Man behind Nokia do up

HMD Global, African Regional boss Joseph Omunakwe. PHOTO | COURTESY
HMD Global, African Regional boss Joseph Omunakwe. PHOTO | COURTESY 

Joseph Omunakwe, HMD Global’s general manager—West, East and Central Africa—is a busy man. The Finnish company, was started last year to write the next chapter for Nokia phones and tablets, including revamping Nokia 3310, their iconic blast from the past.

He has previously held senior positions with Nokia West and Central Africa and also at SC Johnson, MTN Nigeria and UNDP.

He was recently in town. He met JACKSON BIKO at their offices.


What’s on your mind?

Business. We are in an exciting period in the market. We want to take things to the next level because we’ve not been in this smartphone business for a number of years and now we are embarking on a new chapter.

What was the thinking behind the Nokia 3310 anyway? Nostalgia?

People loved the 3310 and what HMD did, collaborating with our partners, is to redesign, reimagine and bring it into the modern space. It was about connecting to that legacy and heritage.

When you think of your teenage days, what’s the biggest emotion that bubbles to the surface?

(Laughs) That’s taking me back in time, right? I grew up in eastern part of Nigeria, a place called Imo State. I was raised by the whole village; I had cousins and uncles and nephews all around me.

I think the way we define life now is quite different from the way our fathers defined life. How important things like money is now is not as important as it was then. Success is also different. I think there has been some change in perception in terms of how we look at things.

You are a father of three now; if you were to juxtapose how you raise your children and how your father raised you, how do they compare?

(Laughs) One day my father called me and said, “look, Joseph, every man has a mirror on his forehead and the man who is poor, is the man who’s mirror is broken.” The mirror is integrity. If you lose it, you’ve lost everything else. So, just trying to connect that back to my children and how I raise them, I think I raise them the same way my father raised me; with integrity.

What do you like about being 49 years old?

Experience. It’s like you’re in the middle of a flight. You look back and you can see, you can reflect on where you’re coming from. Priorities become clearer and there’s a hunger to impact a generation. So based on the journey that we’ve taken and the experience we’ve gone through, we can actually coach, direct, mentor people who are passing through that same journey. Because someone did the same for me as well. You know in Africa we say that what an old man can see sitting down, a young man cannot see it on top of a tree.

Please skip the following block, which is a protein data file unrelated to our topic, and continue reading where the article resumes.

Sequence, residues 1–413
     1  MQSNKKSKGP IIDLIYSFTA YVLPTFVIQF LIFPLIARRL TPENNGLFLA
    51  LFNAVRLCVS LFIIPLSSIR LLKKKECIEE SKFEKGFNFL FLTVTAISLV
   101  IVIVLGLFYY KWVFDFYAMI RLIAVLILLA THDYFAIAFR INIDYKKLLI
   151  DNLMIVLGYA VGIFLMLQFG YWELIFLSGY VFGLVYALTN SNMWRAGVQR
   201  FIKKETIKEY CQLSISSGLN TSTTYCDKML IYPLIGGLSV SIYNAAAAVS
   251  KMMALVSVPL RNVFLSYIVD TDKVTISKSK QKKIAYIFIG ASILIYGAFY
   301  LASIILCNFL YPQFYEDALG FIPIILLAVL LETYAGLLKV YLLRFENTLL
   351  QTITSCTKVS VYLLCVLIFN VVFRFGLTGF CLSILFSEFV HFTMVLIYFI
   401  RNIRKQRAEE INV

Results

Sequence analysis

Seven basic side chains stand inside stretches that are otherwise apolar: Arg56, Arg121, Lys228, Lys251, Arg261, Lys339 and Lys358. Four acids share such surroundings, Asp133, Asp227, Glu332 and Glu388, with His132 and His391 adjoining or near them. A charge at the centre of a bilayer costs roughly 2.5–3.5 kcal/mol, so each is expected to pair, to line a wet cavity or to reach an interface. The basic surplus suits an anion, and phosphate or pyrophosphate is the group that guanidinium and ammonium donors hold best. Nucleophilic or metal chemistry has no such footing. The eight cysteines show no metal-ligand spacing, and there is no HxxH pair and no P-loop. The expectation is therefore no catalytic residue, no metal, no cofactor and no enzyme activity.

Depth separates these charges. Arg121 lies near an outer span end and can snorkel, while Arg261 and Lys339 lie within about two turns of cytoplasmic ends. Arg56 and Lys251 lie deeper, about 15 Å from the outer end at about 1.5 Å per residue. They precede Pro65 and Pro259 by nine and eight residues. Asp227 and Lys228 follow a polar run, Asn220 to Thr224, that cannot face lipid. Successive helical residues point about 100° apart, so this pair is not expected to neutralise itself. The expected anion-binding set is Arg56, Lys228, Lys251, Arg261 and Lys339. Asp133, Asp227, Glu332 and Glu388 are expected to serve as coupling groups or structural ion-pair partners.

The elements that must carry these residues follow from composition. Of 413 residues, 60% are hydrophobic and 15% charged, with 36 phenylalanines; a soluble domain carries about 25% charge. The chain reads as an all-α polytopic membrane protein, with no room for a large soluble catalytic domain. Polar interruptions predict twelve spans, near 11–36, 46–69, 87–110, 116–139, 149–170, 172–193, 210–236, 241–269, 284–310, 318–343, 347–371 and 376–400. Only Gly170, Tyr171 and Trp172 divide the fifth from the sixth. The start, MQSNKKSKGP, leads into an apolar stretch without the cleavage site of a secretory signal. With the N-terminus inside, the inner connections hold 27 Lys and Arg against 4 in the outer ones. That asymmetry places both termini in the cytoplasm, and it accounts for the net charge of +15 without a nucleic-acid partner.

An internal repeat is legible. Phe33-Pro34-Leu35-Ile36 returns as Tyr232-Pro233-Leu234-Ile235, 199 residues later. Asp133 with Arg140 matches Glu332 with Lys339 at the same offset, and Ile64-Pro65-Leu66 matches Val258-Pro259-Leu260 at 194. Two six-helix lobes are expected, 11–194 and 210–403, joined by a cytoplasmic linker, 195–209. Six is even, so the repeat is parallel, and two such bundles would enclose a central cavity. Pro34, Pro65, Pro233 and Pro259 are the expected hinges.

What do you know now at 49 that you didn’t know at 39?

(Laughs and sighs) At 39, I wasn’t thinking seriously about legacy because I was trying to achieve some things for myself. Those things dominated my mind. But at 49, I’m thinking more about the impact that I am making.

What shakes you now?

(Long pause) Maybe if I rephrase the question in terms of what could give me worry. It’s my children. My family. Going forward, what happens if I’m not there. I have one child in Canada, I’ve got two children in Lagos, I’ve got my wife.

When did you feel that you are successful?

What success means to me first of all is about impact. It’s not about a physical thing that I have achieved. It’s not about position, it’s not about fame, it’s not about money in a bank account. It’s about impact. Now that I’m leading HMD in West and Central Africa, what impact am I making in the company?

What kind of music is playing in the background of 49?

(Laughs loudly) I’m not stuck on any particular one, particularly when I have children who belong to a different generation. I can go with rock, reggae or Nigerian music. But of course at the end of the day I play worship songs.

Are you born again?

Yes. Since my school days... so we’re talking about 20 years.

What’s the biggest test God has thrown your way?

This was more like an impact, not a test. Losing my child at a very early age was a very painful thing. She was like five- years- old. I was a committed Christian, we prayed, pastors prayed, but we lost her. But it wasn’t a test of faith for me. I think it was okay. God knows everything. He had the power to prevent it from happening and of course the child came from him.

This might come out as a bit insensitive, so forgive me. What hit you harder; the death of your daughter or your mother?

(Sighs deeply) Hmm. (Pause). I think the loss of my daughter. My mother had encountered the journey of life, she had me. I mean, I’m talking about her today. I don’t think they compare. It’s completely different experience. If you take your child to the ground,it breaks your heart.

When were you happiest in your life?

I have always been happy. And here is the thing; I am motivated by success. And success means we set a goal, and we achieve it. I have a fairly positive mind set. Positive thinking is the thing that has helped me lead the team through difficult times. Through rain and sunshine, through gloom and darkness and light. I’m happy because I chose to be positive.

Since you’re just about to turn 50, what’s the gift that someone would buy you that would really impress you?

(Laughs) I don’t know. I feel like I’m in therapy. (Pause) I think maybe buy me a timepiece because time is unique. It’s not about how fancy that timepiece is or even how expensive it is, it’s about the symbolism of it. We have 24 hours a day, all of us; white, black, poor, rich, African, Asian…24 hours.

Someone can discriminate against you, someone may even steal the entire resources of the country and keep it for himself and his generation, but no one can take away your 24 hours and it’s up to you what you do with your 24 hours. Nothing else matters, we all have 24 hours.